An extract from Col. Carrlngton’s report to the war department reveals the desperate nature of the fight. He says: “The road on the little ridge where the final stand took place was strewn with arrows, arrowheads, scalp poles, and broken shafts of spears. The arrows that were spent harmlessly from all directions show that the command was suddenly overwhelmed, surrounded, and cut off while in retreat. Not an officer or a man survived. A few bodies were found at the north end of the divide over which the road runs just beyond Lodge Trail ridge. Nearly all were heaped near four rocks at the point nearest the fort, these rocks enclosing a space about six feet square, having been the last refuge for defense. Here were found a few rounds of Spencer cartridges un-expended. Fetterman and Brown had each a revolver shot in the left temple, and I am convinced they fell by each others hand, rather than undergo the slow torture inflicted upon others. Pools of blood on the road and sloping sides of the narrow divide showed where Indians bled fatally, but their bodies were carried off. I counted sixty-five such spots in the space of an acre, and three within ten feet of Lieut. Grummond’s body. Between two rocks some distance from where most of the bodies of the soldiers were found I found the bodies of civilians James S. Wheatly and Isaac Fisher, one having 105 arrows in his naked body. The piles of cartridge shells told how bravely they fought. “It is believed from an examination of the bodies of the men that nearly all of them were tortured while wounded. Dr. Morton, post surgeon, was of the opinion that not more than six were killed outright, and that the others were mutilated and tortured to death. The mutilations were frightful. (The article included all the grisly details.)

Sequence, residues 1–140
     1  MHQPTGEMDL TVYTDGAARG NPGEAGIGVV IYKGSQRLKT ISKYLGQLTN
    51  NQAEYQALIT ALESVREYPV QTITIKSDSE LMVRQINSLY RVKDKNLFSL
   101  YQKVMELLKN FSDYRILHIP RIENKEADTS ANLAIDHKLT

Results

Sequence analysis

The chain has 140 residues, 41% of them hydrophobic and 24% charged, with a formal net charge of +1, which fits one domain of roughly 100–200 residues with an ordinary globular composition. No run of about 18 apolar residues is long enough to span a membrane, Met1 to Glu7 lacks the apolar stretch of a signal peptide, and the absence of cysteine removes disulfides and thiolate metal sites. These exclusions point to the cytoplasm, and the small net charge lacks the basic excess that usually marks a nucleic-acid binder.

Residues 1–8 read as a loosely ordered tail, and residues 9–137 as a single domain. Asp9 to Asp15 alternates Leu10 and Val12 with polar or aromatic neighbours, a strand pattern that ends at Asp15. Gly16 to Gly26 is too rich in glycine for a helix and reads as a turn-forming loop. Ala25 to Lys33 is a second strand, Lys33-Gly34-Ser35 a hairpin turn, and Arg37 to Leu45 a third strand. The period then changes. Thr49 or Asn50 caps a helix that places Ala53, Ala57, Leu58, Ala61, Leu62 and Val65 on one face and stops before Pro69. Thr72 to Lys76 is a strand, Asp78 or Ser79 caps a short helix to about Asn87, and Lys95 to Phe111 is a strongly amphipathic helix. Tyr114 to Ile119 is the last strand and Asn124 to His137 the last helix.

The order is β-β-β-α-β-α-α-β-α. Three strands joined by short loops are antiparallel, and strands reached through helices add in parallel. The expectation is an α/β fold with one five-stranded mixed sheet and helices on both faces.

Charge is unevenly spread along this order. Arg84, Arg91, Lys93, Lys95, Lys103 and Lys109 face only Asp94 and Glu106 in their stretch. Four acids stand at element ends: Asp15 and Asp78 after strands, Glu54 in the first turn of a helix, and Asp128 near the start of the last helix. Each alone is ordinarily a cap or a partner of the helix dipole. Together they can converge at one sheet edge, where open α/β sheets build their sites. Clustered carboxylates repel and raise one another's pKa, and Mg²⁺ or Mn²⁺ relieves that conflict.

The treaty of Fort Laramie in 1868, stipulated that the government would abandon forts along the Bozeman Trail and included a number of provisions which were designed to encourage the tribes to move closer to the white man’s way of life. But, the treaty was soon broken, and after the Custer fight in 1876, the Indians were moved to government reservations.
In an article in The Wyoming Press, Evanson, Wyoming February 10, 1900
To Mark Scene of Massacre. A special to the Denver Republican says that the senate committee on military affairs has mad a favorable report on senator Warren’s bill to provide a monument to mark the ite of the almost forgotten Fort Phil Kearney massacre which occurred m in 1866 in Northern Wyoming, The bill was before the last congress passed the senate, failing in the house. It is believed favorable action will be received in both houses this session. The bill provides that the secretary of war be directed to mark the site of the massacre with a monument of rough masonry and an historical table, and that $500 shall be expended for this purpose, The committee report on the bill is the story of as desperate and disastrous an Indian fight, except in the numbers of victims, as that in which Custer and his command was overwhelmed a few years afterwards.
Fort Phil Kearney has long since been abandoned. The bodies of officers and men who were killed In the massacre were removed m 1889 to the national cemetery on the Custer battlefield, and there is now nothing to mark the site of this frightful disaster to our soldiers ”Massacre Hill”, where the men of Fetterman’s command made their last stand, is on the stage line between Sheridan and Buffalo, Wyoming. It is proposed by the War Department that, should the monument be authorized, it be constructed of rough masonry, something in the nature of a cairn, so that there would be no temptation on the part of relic hunters to deface it.
Today, this monument stands on a hill not far from Story, and the old Fort Phil Kearney Site as a memorial to the soldiers who fell during the battle.